We have had a very busy month and lots of placings at all affiliated disciplines as well as some great training including a couple of great sessions with Caroline Moore.

Ever wonder if something is a silly idea? Was driving 3.5hrs each way for a couple of lessons going to be worth it. The Caroline Moore was at Millfield School, luckily the evening before I worked out not the same location as the horse trials otherwise could have been very confused.

Fliss was on first and the lesson focused on technical exercises towards xc using a variety of material and skinny fences. This is very new to Fliss and she coped really well soon getting the idea of skinnies. The video gives a good reflection of the exercises we worked through. Loved the imaginative use of dressage boards far better than doing flat work in!

The main points for me to take away from Fliss's session were:-

x - Try her in a different bridle, Micklems hold the bit low in the mouth and not ideal for horses that don't take the bit

x - Don't tip forward (might of heard that before)

x - Keep eyes up and ahead

x - Ride more forward

Ellie's session was slightly more advanced, it was great as Caroline adjusted the exercises to the group she had and what they wanted to achieve. Ellie was on fire, really pinging and picking up the difficult technical exercises really easily.


I have to admit the improvement Ellie has shown this year has taken me by surprise having thought maybe we had reached our level I think we can progress again to the next level in all disciplines.

The main point from Caroline for me with Ellie is to be bolder and more forward in the way of going.

For Fliss from here it was onto West Wilts BE for her first BE90 and second BE run. We were delighted with another double clear although rather slow cross country. She has got into the habit of working with her head down and that isn’t to ride and she can see a fence quite late. Whilst I am great believer that correct riding and schooling should always be the main way of improving the way of going I have had a play with tack and bits too. Bridle wise as suggested by Caroline Moore I have put her back in a conventional cavesson bridle, removed the martingale but am using an old fashioned running gag which is helping to bring her up off her head. This weekend we jumped her at Tall Trees in the BS and there was quite an improvement in her way of going. I doubt she will event again this year as we establish her way of going.

Ellie had her first BE run for a couple of months returning to Treborough where she won last time out.

Treborough has always been a lucky event for us but I never thought after our win there at the last BE event we could repeat the feat. I think I have said before it is the most fabulous venue on Exmoor with views to the sea and the ground is always very good and copes with any weather.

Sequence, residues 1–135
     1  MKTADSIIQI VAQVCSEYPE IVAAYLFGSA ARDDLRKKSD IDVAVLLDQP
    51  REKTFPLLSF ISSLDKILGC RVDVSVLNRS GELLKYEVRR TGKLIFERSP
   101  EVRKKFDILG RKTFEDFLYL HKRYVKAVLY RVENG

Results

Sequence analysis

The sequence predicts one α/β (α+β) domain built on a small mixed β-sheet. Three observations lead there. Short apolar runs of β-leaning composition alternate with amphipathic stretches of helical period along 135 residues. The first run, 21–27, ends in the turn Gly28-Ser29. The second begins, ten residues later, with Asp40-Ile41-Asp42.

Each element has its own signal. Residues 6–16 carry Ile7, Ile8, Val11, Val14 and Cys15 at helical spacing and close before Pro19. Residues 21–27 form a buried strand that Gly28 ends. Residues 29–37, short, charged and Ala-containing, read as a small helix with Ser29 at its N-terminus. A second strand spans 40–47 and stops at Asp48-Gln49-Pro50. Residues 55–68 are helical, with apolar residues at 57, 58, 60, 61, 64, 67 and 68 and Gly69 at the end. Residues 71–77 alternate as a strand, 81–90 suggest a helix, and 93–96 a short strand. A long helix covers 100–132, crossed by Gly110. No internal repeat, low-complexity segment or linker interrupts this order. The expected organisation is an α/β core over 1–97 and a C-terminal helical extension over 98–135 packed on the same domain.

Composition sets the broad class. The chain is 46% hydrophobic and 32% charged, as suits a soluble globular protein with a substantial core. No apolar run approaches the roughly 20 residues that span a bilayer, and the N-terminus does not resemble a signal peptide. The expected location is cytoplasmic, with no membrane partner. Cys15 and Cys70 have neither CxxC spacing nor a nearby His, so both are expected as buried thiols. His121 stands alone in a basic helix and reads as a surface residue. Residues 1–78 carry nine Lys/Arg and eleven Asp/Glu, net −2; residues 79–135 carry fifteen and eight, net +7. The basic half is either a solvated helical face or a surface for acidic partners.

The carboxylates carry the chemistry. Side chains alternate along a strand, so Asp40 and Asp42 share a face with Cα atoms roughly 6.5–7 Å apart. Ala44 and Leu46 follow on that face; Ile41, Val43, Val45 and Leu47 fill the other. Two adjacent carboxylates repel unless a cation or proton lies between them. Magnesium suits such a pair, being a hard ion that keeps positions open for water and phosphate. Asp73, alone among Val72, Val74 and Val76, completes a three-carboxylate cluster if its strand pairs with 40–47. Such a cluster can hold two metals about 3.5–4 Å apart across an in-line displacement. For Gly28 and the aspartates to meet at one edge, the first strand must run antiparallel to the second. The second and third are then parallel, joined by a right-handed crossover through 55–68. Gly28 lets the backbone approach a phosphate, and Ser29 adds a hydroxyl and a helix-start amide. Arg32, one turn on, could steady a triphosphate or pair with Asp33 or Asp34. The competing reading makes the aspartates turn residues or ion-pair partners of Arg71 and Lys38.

Ellie was pleased to be out eventing again and her dressage was a little tighter than I would have liked as she was eagerly anticipating the fun bits! I rode the test in more of a safe manner focusing on being v accurate. Luckily the judge liked it and we scored a 27 which was second best of the day in our arena. 

Treborough had live scoring and it is brilliant how quick it is. I'm not sure sometimes if it is a blessing or a curse as I went into show jumping knowing I was provisionally in the lead albeit others had show jumped and some even XC'ed but if I kept a clean sheet I would win.

Show jumping was a nice friendly track but Ellie was slightly causal, I guess we have jumped some bigger tracks recently and she definitely jumps best when challenged. Saying that she jumped a neat enough round but just dropped a hind toe on fence 6 for faults which was frustrating. 

This dropped us to provisional 5th but as we advanced towards XC and others had time faults or jumping penalties we moved back up to 2nd with the leader also to go XC. The track was very similar to the course at the last event so no major concerns but equally need to be very aware not to make any silly mistakes. Also knew I needed to keep her moving to ensure we made the time. 

She was amazing absolutely eating up the course and making it feel very straightforward. She is very balanced and surefooted meaning we can make up time down slopes or on turns and comes quickly back to hand when needed. She opened out nicely over the first 3 and then as we went down the track to fence 4 she was most put out that I steered her round the novice fence and not over it! She was quickly through the quarry and onto the middle element of the course where the camera picks us up. The corner is made more difficult by a dip in the ground 3 strides away but she hardly noticed this and kept on a great stride flying it. The drop to the brush she flew as she did the rails to water. We popped the last and I knew we were inside the time so dropped reins and patted her coming back to trot just inside the finish. Actually we only ended up 1 second inside the time so maybe shouldn't have been quite as causal!